1. A file is received from the client in native format (the format associated with the software that created the file, such as Adobe Illustrator) or flattened as a TIFF or a PDF. The file may be CMYK or RGB at this time.
2. The file is repurposed for your digital print process (size, reso- lution, color bars, color alterations, etc.). Some shops do con- vert to CMYK at this time within the native format. This usu- ally is an automatic conversion in the background—you may not even realize it happened.
3. The resulting file is sent to the RIP for processing into a lan- guage that the printing device understands. Conversion also may happen here.
4. Viola: printing and color.
RGB/CMYK variables exist as we analyze each step of the workflow. An ever-growing number of color-management aficionados recommend storing, manipulating, and color correcting images in the RGB color space and converting to CMYK just prior to final output (at the RIP stage). Printers who grew up in offset or screen printing are more comfortable with the CMYK color space; therefore, they tend to convert as soon as possible. Still, RGB works even for stalwart CMYK-biased prepress professionals, because image-editing tools like Adobe Photoshop allow them to accurately preview and manipulate CMYK data while working within an RGB image mode.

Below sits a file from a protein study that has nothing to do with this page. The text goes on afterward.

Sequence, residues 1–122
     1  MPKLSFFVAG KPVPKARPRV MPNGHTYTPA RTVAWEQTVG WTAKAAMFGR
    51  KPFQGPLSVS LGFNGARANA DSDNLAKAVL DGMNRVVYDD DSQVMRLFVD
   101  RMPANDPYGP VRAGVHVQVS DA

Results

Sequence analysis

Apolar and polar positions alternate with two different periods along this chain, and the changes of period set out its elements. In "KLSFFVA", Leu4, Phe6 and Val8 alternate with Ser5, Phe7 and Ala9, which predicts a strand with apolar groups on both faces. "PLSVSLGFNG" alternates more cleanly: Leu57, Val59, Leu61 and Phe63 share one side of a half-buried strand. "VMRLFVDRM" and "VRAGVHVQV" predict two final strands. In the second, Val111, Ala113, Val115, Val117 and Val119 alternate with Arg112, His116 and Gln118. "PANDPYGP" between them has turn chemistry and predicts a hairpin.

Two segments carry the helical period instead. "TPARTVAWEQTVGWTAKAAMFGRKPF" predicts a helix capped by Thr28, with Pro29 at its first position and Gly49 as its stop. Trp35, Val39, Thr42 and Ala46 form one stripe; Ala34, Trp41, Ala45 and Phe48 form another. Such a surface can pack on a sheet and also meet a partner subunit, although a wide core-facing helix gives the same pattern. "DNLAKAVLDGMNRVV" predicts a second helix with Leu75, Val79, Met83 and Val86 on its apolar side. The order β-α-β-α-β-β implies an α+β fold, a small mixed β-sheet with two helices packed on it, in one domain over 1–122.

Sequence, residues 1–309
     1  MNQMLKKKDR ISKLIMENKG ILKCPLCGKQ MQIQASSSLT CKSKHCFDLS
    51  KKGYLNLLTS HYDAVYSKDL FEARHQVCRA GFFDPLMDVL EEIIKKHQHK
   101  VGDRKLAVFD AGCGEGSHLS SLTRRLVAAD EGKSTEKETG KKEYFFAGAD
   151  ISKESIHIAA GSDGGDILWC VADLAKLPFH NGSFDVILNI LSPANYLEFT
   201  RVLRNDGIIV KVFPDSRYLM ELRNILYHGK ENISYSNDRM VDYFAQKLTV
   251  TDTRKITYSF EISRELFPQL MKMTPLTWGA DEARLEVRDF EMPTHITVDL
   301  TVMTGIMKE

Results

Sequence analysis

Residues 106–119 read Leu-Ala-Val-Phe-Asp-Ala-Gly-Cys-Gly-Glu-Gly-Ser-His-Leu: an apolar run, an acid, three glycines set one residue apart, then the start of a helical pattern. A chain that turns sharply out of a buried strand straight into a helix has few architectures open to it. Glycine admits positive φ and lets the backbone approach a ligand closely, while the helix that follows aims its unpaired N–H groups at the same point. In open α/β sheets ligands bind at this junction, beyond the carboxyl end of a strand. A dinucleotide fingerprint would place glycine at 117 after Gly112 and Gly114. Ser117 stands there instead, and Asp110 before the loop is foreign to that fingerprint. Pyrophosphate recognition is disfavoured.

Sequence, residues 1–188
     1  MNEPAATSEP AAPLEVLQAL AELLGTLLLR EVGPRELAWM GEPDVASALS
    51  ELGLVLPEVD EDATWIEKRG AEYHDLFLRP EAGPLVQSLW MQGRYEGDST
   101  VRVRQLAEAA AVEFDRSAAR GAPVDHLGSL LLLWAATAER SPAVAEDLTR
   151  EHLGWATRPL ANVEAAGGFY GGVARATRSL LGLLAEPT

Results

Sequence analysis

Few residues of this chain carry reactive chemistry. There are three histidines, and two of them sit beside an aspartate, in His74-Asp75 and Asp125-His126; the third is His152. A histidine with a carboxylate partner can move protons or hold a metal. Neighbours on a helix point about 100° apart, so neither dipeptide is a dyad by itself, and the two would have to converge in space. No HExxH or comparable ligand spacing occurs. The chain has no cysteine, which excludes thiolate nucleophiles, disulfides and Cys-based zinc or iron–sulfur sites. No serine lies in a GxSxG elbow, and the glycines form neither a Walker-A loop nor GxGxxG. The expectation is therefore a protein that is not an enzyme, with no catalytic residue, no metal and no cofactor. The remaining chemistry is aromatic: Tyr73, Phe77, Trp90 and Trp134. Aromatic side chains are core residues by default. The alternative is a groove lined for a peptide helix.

The benefits of an RGB workflow are many. It’s far easier to maintain an accurate gray balance in RGB images, because equal amounts of RGB indicate a balanced gray. Edits to RGB images won’t result in out-of-range shifts, either, as maximum blacks and minimum whites are set to the right level automatically when CMYK conversion is accomplish-ed using a good profile.
Ah, the profile—a most misunderstood part of managing color. Profiles and color management are the roadmaps for color predictability. The profile fingerprints your printing device and directs the color-management system to treat colors that won’t be reproducible on a specific device (out-of-gamut color) in a specific fashion (color intent).
We have options, for example, when reflex blue can’t be represented on a digital print device. Do we set the profile to cut it off and throw it out (absolute color intent), or compress the out-of-gamut colors to fit under the umbrella? These are two choices with two radically different results. The right one depends on the project and color needed. Therefore, it sure helps when the printer, not the producer of the file, has control of color conversion. In a nutshell, you have the understanding of your equipment’s capability, which is why color conversion is best left to you—most of the time, assuming that you work in a perfect world. I will offer counter arguments later.
Color-management systems generally perform conversions. They use color profiles that describe the space to which they’ll convert the colors. As you may have guessed, each different location in which conversion takes place has a different color-management system (software/look-up tables), which results in different color-space results. CMYK generally has a smaller color space or gamut compared to RGB.